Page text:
Haṁsinī हंसिनी (456)

In the form of haṁsa mantra, also known as ajapa mantra, a method of mantra recitation from dawn to dawn concentrating on the psychic cakra-s.  Ajapa japa also relies on inhalation and exhalation.

Swans are known for their agility of walking.  Poetic parlance of Saundarya Laharī (verse 91) describes this situation as ‘the swans that are nurtured in the house of Paramaśiva (Her house as well) practice your walking agility’.

Mātā माता (457)

The first nāma of this Sahasranāma is Śrī Mātā meaning universal mother.  Lalitā Sahasranāma is the only Sahasranāma where a nāma is not repeated twice.  In this nāma, Śrī that was a prefix in the first nāma is not used.  Another example like this are nāma-s 53 Śiva and 998 Śrī Śiva. In view of the contextual reference of this nāma i.e. while dealing with mantra-s (nāma-s 453, 455, 456), this nāma can be interpreted as ‘She is the mother of mantra-s’.  She is also known as Mātṛkā meaning the mother of letters. 

Malayācala vāsinī मलयाचल वासिनी (458)

In Kerala, a state of India, She is worshipped as Bhagavatī.  The state of Kerala is known as Malayācala.  Malayalam is the language spoken in Kerala.  Malayācala mountain has rich growth of sandalwood trees and therefore, has natural fragrance.  This place is also known as the garden of Indra, the chief of demigods and goddesses.  The subtle meaning conveyed by this nāma is that She has natural fragrance emanating because of mantra-s.  By drawing a comparison to natural fragrance, the power of mantra-s is portrayed.

Sumukhī सुमुखी (459)

She has a beautiful face.  Face is the reflective part of wisdom.  Chāndogya Upaniṣad (IV.14.2) says “your face is shining like that of a knower of Brahman.  Who has taught you?”  (The Upaniṣad proceeds to say that a person who has known the Brahman remains pure and nothing could taint him.  He is incompetent of doing anything wrong).  If one advances spiritually, his face becomes radiant and glows.  Śvetāśvatara Upaniṣad (VI.15) also says “I, a seeker of liberation, take refuge in that luminous Lord, who reveals Self-knowledge in the mind”.  Self can be identified only with luminosity.   Viṣṇu Sahasranāma nāma 456 Sumukhā which gives the same meaning.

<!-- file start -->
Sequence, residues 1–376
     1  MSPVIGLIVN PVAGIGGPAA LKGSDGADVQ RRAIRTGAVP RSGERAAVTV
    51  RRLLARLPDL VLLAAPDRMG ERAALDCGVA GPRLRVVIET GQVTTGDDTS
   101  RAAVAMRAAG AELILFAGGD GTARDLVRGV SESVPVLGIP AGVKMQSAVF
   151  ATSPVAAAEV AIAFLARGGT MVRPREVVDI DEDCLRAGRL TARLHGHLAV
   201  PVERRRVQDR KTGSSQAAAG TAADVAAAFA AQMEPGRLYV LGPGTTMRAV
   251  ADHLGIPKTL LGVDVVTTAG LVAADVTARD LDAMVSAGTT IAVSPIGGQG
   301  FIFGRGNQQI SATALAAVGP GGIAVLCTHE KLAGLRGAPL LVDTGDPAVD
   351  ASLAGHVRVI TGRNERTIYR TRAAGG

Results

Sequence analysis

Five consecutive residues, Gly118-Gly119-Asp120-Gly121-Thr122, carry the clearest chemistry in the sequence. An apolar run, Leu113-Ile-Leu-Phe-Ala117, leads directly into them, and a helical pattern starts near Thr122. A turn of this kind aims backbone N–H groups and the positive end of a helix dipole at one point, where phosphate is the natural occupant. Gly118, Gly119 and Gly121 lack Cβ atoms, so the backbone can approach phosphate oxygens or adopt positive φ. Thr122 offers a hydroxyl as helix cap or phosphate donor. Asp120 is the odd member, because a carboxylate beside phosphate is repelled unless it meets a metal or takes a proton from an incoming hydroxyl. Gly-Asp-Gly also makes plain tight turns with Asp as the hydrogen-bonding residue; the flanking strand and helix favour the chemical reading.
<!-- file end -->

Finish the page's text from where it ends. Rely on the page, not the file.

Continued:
Mantra initiation should be taken only from these types of gurus, not from the one who is associated only with rituals.  Only then, the purpose of initiation is attained. 

Nalinī नलिनी (460)

Her limbs are compared to a lotus flower.  Nāma 278 said that She is seated on a lotus seat. This nāma says that She Herself looks like a lotus flower.  The beauty of Her sculptured figure is described by making a subtle comparison to a lotus flower. 

River Gaṅgā is also known as Nalinī.  It is said that there is a river by name Gaṅgā in the heaven, which is also known as Nalinī

Subhrūḥ सुभ्रूः (461)

She has beautiful eyebrows.  Nāma 17 already described about Her eyebrows by drawing a comparison to festoons.  Saundarya Laharī (verse 47) beautifully describes Her eyes.  “Oh! Umā! Ever bent on dispelling the fears of the world!  I take your two slightly knit eye-brows to be the bow of the consort of Rati.” The verse says that Her eyebrows are arched like a bow and the two eyes appearing like bees down below and Śrī Śaṃkara superimposes a bowstring connecting the two eyes.  The bow thus formed is ready to destroy fear of Her devotees.  Like anger, fear is also one of the worst enemies of mankind. 

Śobhanā शोभना (462)

Her exceptional beauty is portrayed. Vāc Devi-s have failed in their attempts to describe Her beauty by drawing comparisons to the objects of mankind.  Since they could not amply describe Her beauty, they ended up with this nāma while delineating Her beauty. Śobhanā means the beauty embodied and endowed with auspiciousness. This is called the divine beauty. The word śobha also means divine, anything propitious, auspicious, welfare, prosperity, moral good and virtue. 

Suranāyikā सुरनायिका (463)

She is the head of Deva-s.  Deva-s mean all types of gods and goddesses that include Brahma, Viṣṇu, Rudra, Sarasvatī, Lakṣmī, etc. The difference between Gods and demigods is that the former directly partake in the three important activity of the Brahman, creation, sustenance and dissolution, whereas the latter do not. Typically the difference is between the highest authority and a mediocre authority.